What it comes down to, according to Brennan-Krohn, is best interest versus stated interest. Best interest means what it sounds like: Decisions are made based on what would be healthiest and safest for the person involved. Conservatorship is meant to provide for a person’s best interest. Stated interest, on the other hand, is what a person says they want, regardless of whether that desire is healthy or safe.

During the interview, Brennan-Krohn compared the conflicting concepts to eating too many M&M’s. “I might eat more M&M’s than my doctor would think is in my best interest for my cholesterol, for example, but nobody’s going to court to ban my access to M&M’s because I’m not perceived as having a disability,” she explained. “There’s this double standard where, if you’re perceived as having a disability, your preferences are subsumed by what’s in your, quote, best interest. That’s just not how humans function.” Nondisabled adults make harmful decisions all the time, and they usually do not risk losing their civil rights for it. In this way, disability becomes a line through which different rights—or denial of rights—are articulated.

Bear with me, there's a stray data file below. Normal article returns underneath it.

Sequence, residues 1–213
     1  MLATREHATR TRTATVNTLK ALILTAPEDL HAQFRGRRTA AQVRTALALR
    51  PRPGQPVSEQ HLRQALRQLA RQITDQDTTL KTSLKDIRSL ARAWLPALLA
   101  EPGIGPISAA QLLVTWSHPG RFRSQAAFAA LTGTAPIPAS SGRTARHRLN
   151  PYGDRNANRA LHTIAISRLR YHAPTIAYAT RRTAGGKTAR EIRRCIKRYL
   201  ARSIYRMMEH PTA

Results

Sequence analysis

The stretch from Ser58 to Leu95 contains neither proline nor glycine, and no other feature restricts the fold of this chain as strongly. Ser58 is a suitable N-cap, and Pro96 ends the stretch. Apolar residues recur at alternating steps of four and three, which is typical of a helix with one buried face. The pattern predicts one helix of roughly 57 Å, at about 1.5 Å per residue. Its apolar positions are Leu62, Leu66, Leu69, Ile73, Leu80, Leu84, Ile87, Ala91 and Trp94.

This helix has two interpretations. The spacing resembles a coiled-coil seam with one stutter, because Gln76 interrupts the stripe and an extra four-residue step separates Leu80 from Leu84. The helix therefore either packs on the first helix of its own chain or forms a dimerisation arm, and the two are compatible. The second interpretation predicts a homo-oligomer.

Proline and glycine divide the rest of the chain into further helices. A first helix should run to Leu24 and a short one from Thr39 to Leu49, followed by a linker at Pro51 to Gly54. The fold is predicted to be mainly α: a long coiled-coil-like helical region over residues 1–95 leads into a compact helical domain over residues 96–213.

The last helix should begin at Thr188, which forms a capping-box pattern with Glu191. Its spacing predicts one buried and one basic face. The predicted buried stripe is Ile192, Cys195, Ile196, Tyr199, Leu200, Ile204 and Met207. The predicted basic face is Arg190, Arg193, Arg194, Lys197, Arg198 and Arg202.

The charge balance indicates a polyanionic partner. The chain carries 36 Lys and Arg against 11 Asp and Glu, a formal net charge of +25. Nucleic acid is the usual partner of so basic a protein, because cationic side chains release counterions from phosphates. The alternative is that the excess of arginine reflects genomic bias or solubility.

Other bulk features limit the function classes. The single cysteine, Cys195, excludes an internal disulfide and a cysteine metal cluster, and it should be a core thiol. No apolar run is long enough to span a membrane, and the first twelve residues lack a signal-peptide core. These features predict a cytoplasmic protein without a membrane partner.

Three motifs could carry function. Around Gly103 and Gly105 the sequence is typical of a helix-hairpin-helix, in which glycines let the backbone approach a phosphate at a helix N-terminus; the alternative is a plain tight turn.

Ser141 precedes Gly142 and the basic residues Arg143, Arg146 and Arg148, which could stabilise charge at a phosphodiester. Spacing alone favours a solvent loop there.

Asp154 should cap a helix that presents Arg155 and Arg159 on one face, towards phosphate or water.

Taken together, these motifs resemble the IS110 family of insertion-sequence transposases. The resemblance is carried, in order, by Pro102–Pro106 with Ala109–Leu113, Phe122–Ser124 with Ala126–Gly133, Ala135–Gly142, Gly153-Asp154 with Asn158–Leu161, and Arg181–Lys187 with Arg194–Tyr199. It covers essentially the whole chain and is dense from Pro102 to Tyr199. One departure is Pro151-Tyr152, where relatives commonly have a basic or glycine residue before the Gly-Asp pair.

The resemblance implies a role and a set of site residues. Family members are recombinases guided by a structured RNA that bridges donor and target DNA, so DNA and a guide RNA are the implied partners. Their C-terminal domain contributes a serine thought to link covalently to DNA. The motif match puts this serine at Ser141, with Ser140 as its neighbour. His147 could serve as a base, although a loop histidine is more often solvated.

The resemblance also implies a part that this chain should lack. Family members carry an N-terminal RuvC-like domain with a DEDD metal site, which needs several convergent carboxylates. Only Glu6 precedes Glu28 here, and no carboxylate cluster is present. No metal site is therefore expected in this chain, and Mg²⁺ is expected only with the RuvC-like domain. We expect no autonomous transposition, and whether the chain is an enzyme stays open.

The ability to make bad decisions, for nondisabled people, is considered a normal part of the human experience. What Britney Spears wants should matter more than what is in her “best interest.” She is an adult and should have the same self-determination other adults enjoy. That includes the right to make bad decisions, or any decisions at all. But under conservatorship, what Spears says she wants simply does not matter. Without radical change to the conservatorship system, she and others like her will have no recourse. Spears is in an ongoing legal battle to get what she hopes will be a better, more benevolent conservator. What she won’t get—can’t get—under this system is freedom.